Maximizing Fat Loss with High-Intensity Training
HIIT workouts are incredibly popular. These quick (but intense) workouts are becoming more and more of the norm. If you’ve ever seen someone sprinting on the treadmill or doing a crazy sweaty circuit in the gym, they’re probably taking advantage of the benefits of HIIT.
Still, even with all its recent popularity, high-intensity training has actually been around a long time, since at least 1910 when professional runners and Olympic athletes used interval training to improve stamina.
It’s no secret that people see fantastic results by using HIIT to maximize fat loss and save time.
The Difference Between HIIT and LISS
First, let’s explore what HIIT and LISS mean respectively.
HIIT stands for high-intensity interval training. It’s characterized by periods of intense activity interspersed with short rest periods. A great example of HIIT-style training is sprinting. You perform at the top of your threshold for a short time before you take a break to recover.
LISS stands for low-intensity steady-state training. LISS is characterized by steadily working at less than maximum effort for long periods of time without a break. Going back to the running example, long-distance running is a type of LISS exercise.
Both have their pros and cons and most fitness experts agree that incorporating both styles into your workout regimen will show the best results. However, it’s been agreed upon that HIIT is best for those short on time. Here’s why.
HIIT is More Efficient
What does a HIIT workout actually look like? Let’s break it down.
HIIT workouts alternate between an extreme stage lasting anywhere from 10 seconds to 20 minutes where the activity is performed at 90%+ of a person’s maximal heart rate. The rest stage lasts 2 to 3 times as long but where the activity is performed at 40% to 50% of a person’s maximum heart rate.
Since your heart rate is being elevated quickly, it is essentially training your heart to recover just as quickly. Experts agree that the effectiveness of HIIT is all about your heart’s ability to pump blood through your body. After all, that’s what fitness is all about – your body’s ability to recover quickly. Long story short, HIIT creates more variability in your heart rate.
HIIT is also effective for two other reasons: it increases your lactate threshold and it can burn fat for hours after a workout.
You know that burning feeling you get during an exercise? That is caused by the accumulation of lactic acid in your muscles. When you do intense training (such as HIIT), your body goes into an anaerobic state (meaning it produces energy without the use of oxygen) and does not remove the lactate from your muscles. Aerobic training, on the other hand, uses oxygen and so you don’t get that burning sensation. One benefit of HIIT is that it increases your lactate threshold and you’ll be able to work out harder.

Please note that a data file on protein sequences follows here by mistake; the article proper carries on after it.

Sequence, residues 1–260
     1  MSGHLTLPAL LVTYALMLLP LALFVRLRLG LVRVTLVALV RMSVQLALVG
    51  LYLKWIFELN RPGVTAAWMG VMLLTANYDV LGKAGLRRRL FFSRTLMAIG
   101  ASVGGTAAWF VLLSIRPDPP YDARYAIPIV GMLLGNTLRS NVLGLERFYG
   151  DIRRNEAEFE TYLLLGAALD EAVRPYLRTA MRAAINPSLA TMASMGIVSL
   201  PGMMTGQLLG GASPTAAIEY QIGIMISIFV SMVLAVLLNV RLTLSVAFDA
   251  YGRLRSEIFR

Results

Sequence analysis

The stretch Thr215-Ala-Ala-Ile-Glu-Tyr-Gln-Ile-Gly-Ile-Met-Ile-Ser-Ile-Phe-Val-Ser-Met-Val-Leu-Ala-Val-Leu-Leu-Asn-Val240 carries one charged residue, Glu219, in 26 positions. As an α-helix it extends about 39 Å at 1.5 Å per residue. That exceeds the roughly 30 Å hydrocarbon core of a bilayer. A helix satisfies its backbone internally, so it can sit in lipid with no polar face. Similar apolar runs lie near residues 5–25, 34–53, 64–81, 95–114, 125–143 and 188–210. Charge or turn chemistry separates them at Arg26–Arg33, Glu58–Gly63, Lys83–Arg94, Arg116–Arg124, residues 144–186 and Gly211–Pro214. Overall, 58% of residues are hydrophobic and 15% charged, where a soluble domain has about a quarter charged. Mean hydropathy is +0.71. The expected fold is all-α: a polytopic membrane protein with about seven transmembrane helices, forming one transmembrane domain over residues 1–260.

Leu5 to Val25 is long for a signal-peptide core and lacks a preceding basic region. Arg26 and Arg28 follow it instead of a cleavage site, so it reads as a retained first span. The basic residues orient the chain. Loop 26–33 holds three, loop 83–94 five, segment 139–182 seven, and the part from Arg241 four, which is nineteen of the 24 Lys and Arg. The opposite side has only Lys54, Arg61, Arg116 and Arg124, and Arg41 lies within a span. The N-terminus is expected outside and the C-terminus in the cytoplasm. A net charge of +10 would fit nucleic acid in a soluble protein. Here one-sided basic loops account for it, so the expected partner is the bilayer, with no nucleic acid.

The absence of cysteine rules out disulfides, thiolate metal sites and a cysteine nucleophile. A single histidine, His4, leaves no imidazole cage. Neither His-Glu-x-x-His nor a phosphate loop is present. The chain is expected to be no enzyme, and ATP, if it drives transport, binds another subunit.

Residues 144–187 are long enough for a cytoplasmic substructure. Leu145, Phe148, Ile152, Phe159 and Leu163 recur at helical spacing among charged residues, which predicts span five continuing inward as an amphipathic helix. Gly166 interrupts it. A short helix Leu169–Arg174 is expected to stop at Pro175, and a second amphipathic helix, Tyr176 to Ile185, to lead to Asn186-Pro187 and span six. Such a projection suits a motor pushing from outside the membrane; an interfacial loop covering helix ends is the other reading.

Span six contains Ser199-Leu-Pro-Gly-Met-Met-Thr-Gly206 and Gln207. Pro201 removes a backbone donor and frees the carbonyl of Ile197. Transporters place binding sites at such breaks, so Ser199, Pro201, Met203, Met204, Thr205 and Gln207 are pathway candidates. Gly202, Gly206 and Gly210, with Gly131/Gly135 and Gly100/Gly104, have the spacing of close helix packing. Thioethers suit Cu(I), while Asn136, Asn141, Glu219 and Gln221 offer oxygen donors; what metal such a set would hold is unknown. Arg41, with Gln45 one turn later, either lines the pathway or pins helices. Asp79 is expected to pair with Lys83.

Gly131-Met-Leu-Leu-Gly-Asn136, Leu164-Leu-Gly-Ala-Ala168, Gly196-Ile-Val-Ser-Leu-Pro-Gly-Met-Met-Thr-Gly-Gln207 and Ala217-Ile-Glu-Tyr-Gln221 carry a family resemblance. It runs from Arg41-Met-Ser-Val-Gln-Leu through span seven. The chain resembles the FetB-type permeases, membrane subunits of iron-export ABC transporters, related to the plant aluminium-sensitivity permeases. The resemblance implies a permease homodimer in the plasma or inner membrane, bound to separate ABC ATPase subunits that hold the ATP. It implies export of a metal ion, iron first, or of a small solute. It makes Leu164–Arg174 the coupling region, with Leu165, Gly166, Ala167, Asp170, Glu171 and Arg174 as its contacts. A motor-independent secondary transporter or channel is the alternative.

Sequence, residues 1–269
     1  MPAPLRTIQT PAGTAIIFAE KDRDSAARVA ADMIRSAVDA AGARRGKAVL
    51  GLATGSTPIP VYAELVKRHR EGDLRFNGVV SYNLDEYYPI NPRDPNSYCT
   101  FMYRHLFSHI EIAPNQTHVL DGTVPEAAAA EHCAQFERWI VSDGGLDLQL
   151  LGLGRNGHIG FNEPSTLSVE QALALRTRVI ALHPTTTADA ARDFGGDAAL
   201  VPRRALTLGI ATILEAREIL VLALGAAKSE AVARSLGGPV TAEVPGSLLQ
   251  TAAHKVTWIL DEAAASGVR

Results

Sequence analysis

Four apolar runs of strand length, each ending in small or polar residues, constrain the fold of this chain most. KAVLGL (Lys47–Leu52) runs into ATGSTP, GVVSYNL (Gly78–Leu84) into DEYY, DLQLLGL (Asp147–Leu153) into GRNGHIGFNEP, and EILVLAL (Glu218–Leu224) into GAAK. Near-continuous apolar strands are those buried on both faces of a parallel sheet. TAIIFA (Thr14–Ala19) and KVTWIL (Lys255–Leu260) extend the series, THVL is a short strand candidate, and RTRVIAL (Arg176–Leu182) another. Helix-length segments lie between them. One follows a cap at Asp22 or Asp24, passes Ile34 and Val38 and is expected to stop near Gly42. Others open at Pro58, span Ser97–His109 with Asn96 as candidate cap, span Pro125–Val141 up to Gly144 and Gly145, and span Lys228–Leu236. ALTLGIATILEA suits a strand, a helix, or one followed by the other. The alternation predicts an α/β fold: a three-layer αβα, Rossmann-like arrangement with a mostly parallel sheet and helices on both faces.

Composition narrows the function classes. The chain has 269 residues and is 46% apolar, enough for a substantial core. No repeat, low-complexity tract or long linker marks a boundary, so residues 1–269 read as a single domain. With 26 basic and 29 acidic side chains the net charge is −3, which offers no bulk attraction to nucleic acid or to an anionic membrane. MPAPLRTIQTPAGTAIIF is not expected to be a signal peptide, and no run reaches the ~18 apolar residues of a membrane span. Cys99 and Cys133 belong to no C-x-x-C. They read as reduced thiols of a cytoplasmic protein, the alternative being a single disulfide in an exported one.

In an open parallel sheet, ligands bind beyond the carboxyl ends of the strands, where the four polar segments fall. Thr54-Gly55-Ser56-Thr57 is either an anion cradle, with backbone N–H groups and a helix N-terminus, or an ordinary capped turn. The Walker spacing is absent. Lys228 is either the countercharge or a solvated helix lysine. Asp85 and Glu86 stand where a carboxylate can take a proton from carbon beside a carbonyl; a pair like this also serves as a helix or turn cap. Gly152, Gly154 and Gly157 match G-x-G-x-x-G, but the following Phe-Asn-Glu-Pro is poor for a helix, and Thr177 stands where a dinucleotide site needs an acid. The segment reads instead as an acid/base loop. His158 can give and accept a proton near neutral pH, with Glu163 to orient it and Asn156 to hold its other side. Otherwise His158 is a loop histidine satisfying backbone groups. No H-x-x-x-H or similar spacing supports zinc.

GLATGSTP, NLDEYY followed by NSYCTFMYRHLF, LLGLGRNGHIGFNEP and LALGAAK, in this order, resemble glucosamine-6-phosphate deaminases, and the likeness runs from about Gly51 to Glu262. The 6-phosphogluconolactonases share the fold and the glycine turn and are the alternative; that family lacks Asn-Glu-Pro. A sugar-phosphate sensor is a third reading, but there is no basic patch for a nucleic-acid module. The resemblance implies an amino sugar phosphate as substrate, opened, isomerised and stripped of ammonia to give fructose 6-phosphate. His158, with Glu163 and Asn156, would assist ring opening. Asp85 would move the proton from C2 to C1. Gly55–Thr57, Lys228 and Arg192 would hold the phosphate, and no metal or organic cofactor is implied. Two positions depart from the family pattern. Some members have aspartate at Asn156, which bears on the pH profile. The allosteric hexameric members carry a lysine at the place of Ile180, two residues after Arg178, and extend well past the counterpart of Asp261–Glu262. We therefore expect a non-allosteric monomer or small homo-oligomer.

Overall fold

Furthermore, after a HIIT workout, your body experiences something called Excess Post-Exercise Oxygen Consumption (EPOC). During intense exercise, your body gets depleted of oxygen so after your workout it increases the rate of oxygen intake to compensate. That means that your body continues burning calories for up to 24 hours after a workout. It doesn’t get much better than that!
To sum up, HIIT effectively targets your anaerobic energy system which causes more heart rate variability compared to LISS. A common comparison shows that 20 minutes of HIIT can have the same result as 50 minutes of LISS training. We’re all busy and that extra half an hour goes a long way.
HIIT and Fat Loss
In addition to saving time and having a super-strong heart, HIIT also aids in fat loss.
HIIT contributes to burning calories long after you’ve finished your workout. Studies have shown that HIIT significantly increases epinephrine and norepinephrine levels over the course of three months with just 15 minutes of HIIT per day. This suggests that your hormones are creating a continuous metabolic state post-exercise. In other words, your body is continuing to burn fat while you sleep. It doesn’t get better than that.
For many people, doing HIIT for 25 minutes at a time, for example, instead of an hour of LISS on the elliptical creates a better relationship with exercise for them. And with all of the amazing benefits that have been observed thanks to HIIT, we’d have to agree that it’s worth a shot.
If you’re brand new to exercise, it’s essential to work with a personal trainer to minimize any risks of injury. There is a risk of jumping into HIIT workouts too quickly, especially if your current level of cardio fitness or joint strength is lacking.
HIIT workouts do take a larger toll on your body and if you’re doing strength training, you’ll need to manage your recovery carefully. LISS can work together with HIIT workouts because they can be done more frequently with fewer impacts on your strength training. But again, that’s where working with a personal trainer in Dubai is essential.
The best fitness trainers in Dubai will work with you to gradually increase your stamina and soon enough, you’ll experience all the benefits of HIIT that so many others have come to know and love.